I’m Old, Part XXXIX: The One True Brace Style

There are few things that can rouse the ire of a programming than inconsistent or unusual brace style. At the same time, there are very few things that matter less in your code.

I will admit to favoring something close to K&R. If you’re curious, Wikipedia has a complete list of styles including the correct style and a bunch of abhorrent variations. Ha-ha! I kid! All of the brace styles in there are terrible. To somebody.

Before Adobe, I mostly worked solo on projects and the code style was pretty uniform across the project as a result. Working on Acrobat – that was a whole different matter. The Mac-only code-base was written by three or four engineers and included a fair amount of cross platform code that was written by several other people. All of us had varied backgrounds. Of course I followed K&R, I learned C at Bell Labs.

Still, each of us carved out our own special chunks of functionality and morphed them into our own styles. Where things got funny was when we had to interact over code. Pair programming, really. This usually happened when someone was stuck on a problem. This happens all the time and usually the answer is right in front of you, but you need another set of eyes to see the missing semicolon or uninitialized local or whatever.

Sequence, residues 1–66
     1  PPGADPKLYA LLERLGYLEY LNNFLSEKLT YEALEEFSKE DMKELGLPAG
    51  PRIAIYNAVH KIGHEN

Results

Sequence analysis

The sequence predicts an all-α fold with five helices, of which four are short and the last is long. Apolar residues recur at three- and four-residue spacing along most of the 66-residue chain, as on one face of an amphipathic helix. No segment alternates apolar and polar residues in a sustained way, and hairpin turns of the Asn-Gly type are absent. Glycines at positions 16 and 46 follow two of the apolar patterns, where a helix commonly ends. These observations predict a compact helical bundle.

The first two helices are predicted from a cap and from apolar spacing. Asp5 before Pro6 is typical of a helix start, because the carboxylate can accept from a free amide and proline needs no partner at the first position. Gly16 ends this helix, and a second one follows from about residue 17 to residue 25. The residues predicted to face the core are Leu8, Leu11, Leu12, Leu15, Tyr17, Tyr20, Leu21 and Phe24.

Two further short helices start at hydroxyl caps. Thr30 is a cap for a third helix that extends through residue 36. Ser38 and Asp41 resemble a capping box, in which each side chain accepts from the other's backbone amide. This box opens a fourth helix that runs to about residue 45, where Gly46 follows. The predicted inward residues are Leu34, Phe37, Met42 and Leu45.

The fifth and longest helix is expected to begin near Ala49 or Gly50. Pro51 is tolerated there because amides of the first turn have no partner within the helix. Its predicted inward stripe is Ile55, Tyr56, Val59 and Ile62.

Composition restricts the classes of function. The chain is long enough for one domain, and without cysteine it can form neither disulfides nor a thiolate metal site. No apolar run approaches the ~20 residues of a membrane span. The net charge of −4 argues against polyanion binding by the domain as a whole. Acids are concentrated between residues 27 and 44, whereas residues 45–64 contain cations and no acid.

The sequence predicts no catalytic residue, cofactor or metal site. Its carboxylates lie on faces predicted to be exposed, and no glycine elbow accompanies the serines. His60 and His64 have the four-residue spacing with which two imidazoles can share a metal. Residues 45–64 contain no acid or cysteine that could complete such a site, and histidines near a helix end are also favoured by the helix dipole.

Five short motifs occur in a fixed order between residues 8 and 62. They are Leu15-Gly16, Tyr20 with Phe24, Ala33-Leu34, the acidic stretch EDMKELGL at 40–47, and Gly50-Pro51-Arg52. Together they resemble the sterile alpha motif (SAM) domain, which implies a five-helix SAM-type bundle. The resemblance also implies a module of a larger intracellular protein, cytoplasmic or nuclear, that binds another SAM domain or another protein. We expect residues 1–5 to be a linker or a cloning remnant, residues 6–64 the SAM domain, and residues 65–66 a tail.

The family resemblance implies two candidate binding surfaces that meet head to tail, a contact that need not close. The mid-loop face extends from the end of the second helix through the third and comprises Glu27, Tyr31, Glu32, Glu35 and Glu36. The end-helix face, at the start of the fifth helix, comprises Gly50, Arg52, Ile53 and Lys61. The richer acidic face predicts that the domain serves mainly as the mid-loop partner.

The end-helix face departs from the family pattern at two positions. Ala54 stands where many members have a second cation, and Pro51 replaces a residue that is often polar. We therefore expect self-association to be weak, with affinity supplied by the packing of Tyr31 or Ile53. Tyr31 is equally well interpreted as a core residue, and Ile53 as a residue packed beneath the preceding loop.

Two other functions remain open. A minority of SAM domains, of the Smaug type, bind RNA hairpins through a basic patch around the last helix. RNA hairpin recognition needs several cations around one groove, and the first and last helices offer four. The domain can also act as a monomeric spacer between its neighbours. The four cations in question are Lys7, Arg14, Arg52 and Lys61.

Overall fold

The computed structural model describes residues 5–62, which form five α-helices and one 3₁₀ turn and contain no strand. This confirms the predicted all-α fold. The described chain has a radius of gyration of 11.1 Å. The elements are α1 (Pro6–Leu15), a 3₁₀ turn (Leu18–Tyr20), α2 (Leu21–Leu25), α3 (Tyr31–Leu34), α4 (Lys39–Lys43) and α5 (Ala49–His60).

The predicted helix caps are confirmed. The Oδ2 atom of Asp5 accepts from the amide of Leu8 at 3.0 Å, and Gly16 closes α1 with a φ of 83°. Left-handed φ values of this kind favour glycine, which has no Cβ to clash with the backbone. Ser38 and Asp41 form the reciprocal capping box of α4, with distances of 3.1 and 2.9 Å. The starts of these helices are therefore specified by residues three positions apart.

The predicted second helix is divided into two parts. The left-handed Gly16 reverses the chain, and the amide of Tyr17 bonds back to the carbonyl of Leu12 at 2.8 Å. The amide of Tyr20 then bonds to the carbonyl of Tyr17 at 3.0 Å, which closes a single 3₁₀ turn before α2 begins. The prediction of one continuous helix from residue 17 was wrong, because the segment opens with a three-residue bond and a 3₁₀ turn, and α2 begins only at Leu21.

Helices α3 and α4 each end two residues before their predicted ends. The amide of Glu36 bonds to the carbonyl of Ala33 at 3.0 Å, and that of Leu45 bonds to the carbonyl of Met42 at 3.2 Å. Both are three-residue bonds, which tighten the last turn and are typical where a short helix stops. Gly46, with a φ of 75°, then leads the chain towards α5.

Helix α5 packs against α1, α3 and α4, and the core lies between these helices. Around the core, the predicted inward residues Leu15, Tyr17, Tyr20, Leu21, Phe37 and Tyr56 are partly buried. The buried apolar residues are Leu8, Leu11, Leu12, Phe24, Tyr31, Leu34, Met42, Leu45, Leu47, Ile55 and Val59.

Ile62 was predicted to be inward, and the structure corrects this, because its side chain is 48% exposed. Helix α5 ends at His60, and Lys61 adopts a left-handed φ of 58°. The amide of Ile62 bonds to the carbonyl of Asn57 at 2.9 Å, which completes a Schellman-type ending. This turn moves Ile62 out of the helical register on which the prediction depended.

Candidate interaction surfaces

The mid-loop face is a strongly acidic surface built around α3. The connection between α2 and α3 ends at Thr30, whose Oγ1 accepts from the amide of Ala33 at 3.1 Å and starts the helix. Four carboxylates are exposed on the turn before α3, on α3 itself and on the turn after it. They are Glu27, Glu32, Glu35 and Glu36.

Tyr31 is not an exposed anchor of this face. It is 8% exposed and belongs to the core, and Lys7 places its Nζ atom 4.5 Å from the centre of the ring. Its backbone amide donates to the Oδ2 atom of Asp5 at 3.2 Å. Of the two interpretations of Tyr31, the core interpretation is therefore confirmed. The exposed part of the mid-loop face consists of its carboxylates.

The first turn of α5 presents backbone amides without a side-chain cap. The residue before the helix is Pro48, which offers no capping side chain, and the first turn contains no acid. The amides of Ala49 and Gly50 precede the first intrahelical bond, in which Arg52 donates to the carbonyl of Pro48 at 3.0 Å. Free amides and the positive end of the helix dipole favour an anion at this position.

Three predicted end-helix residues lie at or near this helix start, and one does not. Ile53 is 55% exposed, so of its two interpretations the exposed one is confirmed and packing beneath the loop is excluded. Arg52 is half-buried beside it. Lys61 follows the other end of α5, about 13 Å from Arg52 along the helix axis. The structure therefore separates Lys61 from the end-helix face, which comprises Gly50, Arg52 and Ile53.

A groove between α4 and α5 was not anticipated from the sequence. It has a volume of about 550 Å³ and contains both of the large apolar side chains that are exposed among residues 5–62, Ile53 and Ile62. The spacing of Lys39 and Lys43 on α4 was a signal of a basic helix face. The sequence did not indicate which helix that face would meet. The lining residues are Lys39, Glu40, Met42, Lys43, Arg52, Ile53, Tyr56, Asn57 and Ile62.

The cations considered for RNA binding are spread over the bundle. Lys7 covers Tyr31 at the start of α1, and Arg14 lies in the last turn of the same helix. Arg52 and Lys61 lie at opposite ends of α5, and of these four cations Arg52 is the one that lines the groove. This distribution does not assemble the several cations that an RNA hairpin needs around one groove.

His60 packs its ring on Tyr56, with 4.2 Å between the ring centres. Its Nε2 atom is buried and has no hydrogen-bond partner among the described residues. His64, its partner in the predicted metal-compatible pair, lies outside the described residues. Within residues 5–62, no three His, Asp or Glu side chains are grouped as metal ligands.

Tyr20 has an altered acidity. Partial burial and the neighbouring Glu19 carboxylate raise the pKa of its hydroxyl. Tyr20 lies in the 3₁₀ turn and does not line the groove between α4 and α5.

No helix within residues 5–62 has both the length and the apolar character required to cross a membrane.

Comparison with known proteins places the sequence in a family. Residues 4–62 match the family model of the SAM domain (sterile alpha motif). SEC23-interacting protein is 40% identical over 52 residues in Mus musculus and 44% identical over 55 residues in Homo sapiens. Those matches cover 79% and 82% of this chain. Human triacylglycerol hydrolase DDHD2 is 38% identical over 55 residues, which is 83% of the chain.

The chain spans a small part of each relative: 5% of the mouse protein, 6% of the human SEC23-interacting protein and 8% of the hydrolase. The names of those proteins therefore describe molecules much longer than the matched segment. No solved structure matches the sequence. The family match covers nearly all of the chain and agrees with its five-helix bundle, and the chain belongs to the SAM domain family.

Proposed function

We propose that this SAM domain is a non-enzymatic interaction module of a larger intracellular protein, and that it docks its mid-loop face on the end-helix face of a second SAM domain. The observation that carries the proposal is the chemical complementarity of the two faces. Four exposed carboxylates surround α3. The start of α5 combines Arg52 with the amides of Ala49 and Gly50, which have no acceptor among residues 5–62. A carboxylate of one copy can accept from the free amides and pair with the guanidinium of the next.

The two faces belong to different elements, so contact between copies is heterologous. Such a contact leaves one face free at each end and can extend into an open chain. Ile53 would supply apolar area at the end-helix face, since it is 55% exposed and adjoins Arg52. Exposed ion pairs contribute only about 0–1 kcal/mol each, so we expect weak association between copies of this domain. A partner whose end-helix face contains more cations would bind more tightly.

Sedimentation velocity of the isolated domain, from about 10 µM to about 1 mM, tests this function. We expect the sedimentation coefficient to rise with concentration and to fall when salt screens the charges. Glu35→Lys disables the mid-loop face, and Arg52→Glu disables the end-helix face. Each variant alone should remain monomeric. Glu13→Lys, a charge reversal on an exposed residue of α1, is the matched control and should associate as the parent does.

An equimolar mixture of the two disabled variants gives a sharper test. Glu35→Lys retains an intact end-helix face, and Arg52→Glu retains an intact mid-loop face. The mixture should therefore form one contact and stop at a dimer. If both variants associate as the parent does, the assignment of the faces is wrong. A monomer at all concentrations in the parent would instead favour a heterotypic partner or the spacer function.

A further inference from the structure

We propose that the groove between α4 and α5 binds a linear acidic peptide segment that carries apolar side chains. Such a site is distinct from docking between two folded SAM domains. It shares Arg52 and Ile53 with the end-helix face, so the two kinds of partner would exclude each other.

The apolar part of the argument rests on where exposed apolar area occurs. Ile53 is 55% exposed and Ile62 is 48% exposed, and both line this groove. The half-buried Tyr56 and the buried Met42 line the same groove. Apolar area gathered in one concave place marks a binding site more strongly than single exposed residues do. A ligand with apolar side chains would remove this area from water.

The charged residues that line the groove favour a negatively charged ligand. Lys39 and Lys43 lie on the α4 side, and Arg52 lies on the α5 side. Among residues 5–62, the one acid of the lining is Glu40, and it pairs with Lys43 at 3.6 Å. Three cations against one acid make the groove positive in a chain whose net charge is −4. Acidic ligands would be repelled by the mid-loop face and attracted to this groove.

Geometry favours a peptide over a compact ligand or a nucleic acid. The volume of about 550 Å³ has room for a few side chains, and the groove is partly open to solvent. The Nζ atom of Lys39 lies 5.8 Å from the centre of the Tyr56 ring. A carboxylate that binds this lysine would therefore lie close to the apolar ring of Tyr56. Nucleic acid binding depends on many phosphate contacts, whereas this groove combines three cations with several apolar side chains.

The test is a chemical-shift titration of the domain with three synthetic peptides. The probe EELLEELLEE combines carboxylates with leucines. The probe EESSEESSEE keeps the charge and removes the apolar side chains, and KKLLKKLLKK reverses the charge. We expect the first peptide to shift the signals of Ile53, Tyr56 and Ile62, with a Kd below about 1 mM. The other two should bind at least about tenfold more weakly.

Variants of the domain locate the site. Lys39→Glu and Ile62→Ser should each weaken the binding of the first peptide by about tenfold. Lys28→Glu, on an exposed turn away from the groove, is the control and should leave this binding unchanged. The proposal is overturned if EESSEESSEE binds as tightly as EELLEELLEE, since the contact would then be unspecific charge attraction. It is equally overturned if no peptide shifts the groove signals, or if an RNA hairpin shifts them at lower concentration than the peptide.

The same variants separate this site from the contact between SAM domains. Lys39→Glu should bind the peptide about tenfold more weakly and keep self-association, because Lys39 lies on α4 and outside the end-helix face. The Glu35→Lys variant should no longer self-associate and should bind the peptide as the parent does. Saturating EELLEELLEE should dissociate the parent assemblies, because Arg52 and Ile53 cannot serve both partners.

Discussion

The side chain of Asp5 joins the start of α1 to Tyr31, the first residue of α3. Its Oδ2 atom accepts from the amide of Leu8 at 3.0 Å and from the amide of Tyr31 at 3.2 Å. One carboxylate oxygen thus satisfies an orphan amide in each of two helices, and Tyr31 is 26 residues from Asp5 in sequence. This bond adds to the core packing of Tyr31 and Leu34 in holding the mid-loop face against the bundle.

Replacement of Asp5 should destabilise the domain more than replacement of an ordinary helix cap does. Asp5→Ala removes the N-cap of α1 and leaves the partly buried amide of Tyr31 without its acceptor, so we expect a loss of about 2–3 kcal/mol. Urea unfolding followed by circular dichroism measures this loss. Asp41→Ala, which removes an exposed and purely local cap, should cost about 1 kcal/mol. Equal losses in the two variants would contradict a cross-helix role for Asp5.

Alan Wootton, who was the anchor of the Mac team, was particularly good at spotting problems. However, there was a price to getting his help. Alan had a process of working through other people’s code, and part of that process was to manually transform the brace style in front of him to his own, which was closer to Allman, which is more like Pascal style. Not surprising really, Alan did a lot of Pascal programming.

But watching it. It was like watching someone go through an art gallery of your own work and nudge all the paintings out of square. Brrr.

But he’d inevitably find the issue, fix it for you and check it in, making all his brace changes permanent.

Here’s the thing though -and I know it’s heretical- it doesn’t matter. Honestly. Brace style doesn’t matter. Getting wound up over brace style is akin to getting worked up over pop/soda/coke or sub/grinder/hoagie. What matter is the code in a bigger picture. How is it structured? Does it make sense and strike the right balance of abstraction? If you’re having trouble reading the code, that’s a smell. Go ahead and attend to it, but be prepared to embrace any style.

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